Add remainder of veggies, stir.
Add 2 of the 4 cups water, stir.
Add lentils, stir.
Bring mixture to a boil, then reduce heat and simmer on low, stirring occasionally with a rubber or silicone spatula, scraping the bottom and sides of the skillet as you go.
As mixture thickens, add the remaining 2 cups of water, a little at a time, and continue to stir occasionally.
After simmering for about 1/2 hour, add curry paste a little at a time, seasoning to taste.
Continue simmering and stirring until the water has been absorbed and both lentils and veggies are soft.
Serve over rice.

If you prefer,
stirring in a bit of sour cream, plain Greek yogurt or any vegan alternative, gives this dish a creamy kick!

For more information on the health benefits of lentils, click on this link:

Monday, November 29, 2010

Pho Soup

I've been sick recently. I had a pretty high fever for a few days, so eating wasn't high on my list of things to do... laying around moaning was. Still, it's important to get good stuff into your system and keep yourself hydrated when it's difficult to keep things down. Sipping on coconut water, miso soup and herbal teas is perfect for that, but when you are starting to feel better, one of the easiest to prepare, simplest to digest and most nutritionally dense things to make, is Pho soup.

What you need:

1 package of rice noodles
(I like Thai Kitchen brand, as it comes in individual packages and includes seasoning)
(good ones to use are kale, cabbage, spinach, scallions, chives, onion, broccoli, carrots, garlic, ginger - any combination of any of these, and others that steam easily)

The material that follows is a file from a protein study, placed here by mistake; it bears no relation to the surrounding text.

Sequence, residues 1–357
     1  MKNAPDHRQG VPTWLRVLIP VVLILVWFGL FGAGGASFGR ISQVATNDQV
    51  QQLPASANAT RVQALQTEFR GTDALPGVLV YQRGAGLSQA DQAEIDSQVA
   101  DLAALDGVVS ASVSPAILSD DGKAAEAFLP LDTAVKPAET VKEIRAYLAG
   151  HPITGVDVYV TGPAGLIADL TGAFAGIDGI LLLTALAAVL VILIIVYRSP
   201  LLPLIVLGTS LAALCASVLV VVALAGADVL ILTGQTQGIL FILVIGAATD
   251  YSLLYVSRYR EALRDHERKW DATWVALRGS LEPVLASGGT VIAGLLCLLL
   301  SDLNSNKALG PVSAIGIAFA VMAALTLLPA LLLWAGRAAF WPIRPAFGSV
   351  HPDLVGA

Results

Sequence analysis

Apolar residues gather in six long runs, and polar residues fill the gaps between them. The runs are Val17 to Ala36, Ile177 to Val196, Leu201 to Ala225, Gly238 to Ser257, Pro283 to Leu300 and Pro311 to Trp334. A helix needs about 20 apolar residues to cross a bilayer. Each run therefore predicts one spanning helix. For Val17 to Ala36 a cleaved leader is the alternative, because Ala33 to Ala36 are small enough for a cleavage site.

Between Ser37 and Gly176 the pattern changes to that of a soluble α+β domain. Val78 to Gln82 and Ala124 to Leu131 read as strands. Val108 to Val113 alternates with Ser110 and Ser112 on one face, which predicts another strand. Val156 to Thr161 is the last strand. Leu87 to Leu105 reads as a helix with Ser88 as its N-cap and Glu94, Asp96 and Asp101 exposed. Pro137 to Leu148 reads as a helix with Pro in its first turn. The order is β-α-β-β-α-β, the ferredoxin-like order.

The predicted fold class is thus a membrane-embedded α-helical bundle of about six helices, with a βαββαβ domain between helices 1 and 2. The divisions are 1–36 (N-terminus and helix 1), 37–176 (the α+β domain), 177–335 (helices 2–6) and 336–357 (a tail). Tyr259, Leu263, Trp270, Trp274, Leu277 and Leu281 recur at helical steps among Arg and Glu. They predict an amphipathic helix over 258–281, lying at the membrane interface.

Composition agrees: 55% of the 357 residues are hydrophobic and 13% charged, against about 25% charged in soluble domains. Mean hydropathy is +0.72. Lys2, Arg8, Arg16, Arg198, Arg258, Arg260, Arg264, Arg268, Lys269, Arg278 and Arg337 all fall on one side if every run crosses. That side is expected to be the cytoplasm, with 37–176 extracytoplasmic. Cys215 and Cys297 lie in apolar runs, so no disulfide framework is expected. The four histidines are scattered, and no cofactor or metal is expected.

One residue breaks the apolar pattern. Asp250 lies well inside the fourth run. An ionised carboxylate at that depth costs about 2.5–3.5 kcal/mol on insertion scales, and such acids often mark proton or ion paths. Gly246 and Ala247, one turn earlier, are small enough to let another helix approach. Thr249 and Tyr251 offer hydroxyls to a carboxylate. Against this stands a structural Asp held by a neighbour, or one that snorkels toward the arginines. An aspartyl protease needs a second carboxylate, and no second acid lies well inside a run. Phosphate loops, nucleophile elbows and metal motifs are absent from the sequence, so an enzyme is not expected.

Nutritional yeast

Make noodles according to directions.
When the noodles are almost done, add your veggies and simmer for a few more minutes.
Pour into a ceramic bowl, sprinkle with nutritional yeast.

Often, since garlic is most potent as a natural infection fighter in its raw form, I'll crush a whole clove or two into the soup at the very end. This will give your soup an extra nutritional boost!

To learn more about the health benefits of garlic, check out this link:

Wednesday, November 10, 2010

White Bean, Kabocha and Kale Soup

This is a most wonderful soup recipe that I found online last year. It calls for the highly prized (and difficult to process) Kabocha Squash, a sweet and delicate squash that gives this soup a creamy texture without dairy, grain or added fat. It is worth the trouble of peeling and cubing. The soup is incredibly smooth, naturally vegan and gluten-free, and VERY nutritionally dense. One serving will feed your body well! You may certainly add homemade toasted garlic breadcrumbs or a few shavings of your favorite hard cheese on top (I like Pecorino), but it is still excellent without.


3 cups onion, diced
2 cups celery (including the green tops), diced